Texas was the first state, in 1980, to declare June 19 a holiday. Nearly all of the 50 states and the District of Columbia mark or recognize June 19 today. In Illinois and North Dakota, too, the holiday became an official holiday in 2021, and in Hawaii, lawmakers passed a law to mark the holiday. South Dakota remains the last state to have no official June 19 mark, according to the Congressional Research Service.
When did the federal holiday take effect?
The federal holiday went into effect immediately. Because the first time it was celebrated came out on Saturday, most federal workers were given Friday, June 18 as a day off.
Many countries were quick to give some public employees a day off, and employers from banks like Goldman Sachs and Bank of America to companies like Black & Decker were among those rushed to send employees holiday holiday notices. Some allowed workers to go on vacation Friday just hours after the announcement in Washington. Several universities, such as Ohio State, have announced cancellations of classes.
The stock markets, which close on many federal holidays, remained open on Friday. The New York Stock Exchange and the NASDAQ will decide in coordination with the financial industry whether to close on June 19 next year, stock exchange representatives said.
The U.S. Postal Service also continued to operate. “We are part of the vital infrastructure in the country and our customers trust us to provide our vital service,” said Deputy Chief of Staff and Personnel Manager at Douglas Tolino. “Closing our operations without giving sufficient time in advance would have led to disruptions in operations,” he said. Tolino said recognition of the holiday and its commemoration would come after discussions with unions, the postal administration and others.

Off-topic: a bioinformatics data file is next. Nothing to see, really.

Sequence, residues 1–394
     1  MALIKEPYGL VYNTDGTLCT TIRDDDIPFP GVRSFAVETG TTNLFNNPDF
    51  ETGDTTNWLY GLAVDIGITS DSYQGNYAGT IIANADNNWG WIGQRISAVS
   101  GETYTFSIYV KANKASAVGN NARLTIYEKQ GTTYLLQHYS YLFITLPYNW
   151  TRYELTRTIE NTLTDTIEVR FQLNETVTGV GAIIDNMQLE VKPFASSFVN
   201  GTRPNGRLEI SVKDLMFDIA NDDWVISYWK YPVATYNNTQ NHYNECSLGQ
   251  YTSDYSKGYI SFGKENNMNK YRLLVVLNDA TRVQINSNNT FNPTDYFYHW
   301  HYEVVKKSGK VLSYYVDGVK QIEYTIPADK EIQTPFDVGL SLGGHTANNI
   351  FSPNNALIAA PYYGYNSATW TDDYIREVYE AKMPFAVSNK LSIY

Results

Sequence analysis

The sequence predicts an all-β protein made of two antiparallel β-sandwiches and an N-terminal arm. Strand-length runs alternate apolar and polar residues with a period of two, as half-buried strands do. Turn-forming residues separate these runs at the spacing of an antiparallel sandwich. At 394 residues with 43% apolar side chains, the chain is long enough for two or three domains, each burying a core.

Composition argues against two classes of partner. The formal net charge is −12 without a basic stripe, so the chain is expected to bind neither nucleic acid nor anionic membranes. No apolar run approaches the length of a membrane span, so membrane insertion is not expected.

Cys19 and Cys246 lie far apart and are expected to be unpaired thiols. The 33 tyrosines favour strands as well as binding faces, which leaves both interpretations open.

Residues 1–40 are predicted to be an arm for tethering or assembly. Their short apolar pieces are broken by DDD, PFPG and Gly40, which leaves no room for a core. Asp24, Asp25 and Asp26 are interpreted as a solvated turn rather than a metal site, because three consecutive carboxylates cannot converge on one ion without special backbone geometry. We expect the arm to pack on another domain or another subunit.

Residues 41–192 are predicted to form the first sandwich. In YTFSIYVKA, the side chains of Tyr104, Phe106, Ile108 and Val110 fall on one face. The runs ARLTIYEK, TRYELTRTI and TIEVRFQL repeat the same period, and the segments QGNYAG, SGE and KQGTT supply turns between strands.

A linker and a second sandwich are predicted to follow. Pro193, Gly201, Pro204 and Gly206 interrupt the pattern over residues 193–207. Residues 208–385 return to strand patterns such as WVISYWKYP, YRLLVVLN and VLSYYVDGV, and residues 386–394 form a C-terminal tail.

How do you celebrate Juneteenth?
Hundreds of official events are taking place across the United States and around the world in honor of June 19. When the announcement of slave liberation finally reached Galveston in 1865, newly elected blacks celebrated with prayers, dances and communal meals. The first time the holiday was celebrated was a family gathering. Black liberty by reading parts of the Declaration of Liberty and holding religious ceremonies.
After the corona plague limited the celebrations to 2020, big celebrations, processions and festivals were set for this year. The June 19 Scholarship Queen Parade, a long-standing tradition in the Dallas and Fort Worth area giving competitors scholarships, was one of the first events on the subject, in early June.
In Atlanta we planned a three-day parade at the city’s Olympic Park. In Washington, The Smithsonian Museum of African-American Culture and History has planned two days of presentations, stories and photo exhibitions that will highlight holiday-related topics.
At Galveston, the celebrations will include the dedication of a new mural commemorating the event. The painting was painted by artist Reginald Adams and his assistant. The mural, measuring about 1,700 square meters, depicts the arrival of black slaves in the United States, Harriet Tabman, President Abraham Lincoln holding the Declaration of Release and General Granger producing Order No. 3, in which he informed the State of Texas that The slaves are freed. Name of the painting: “Absolute equality”.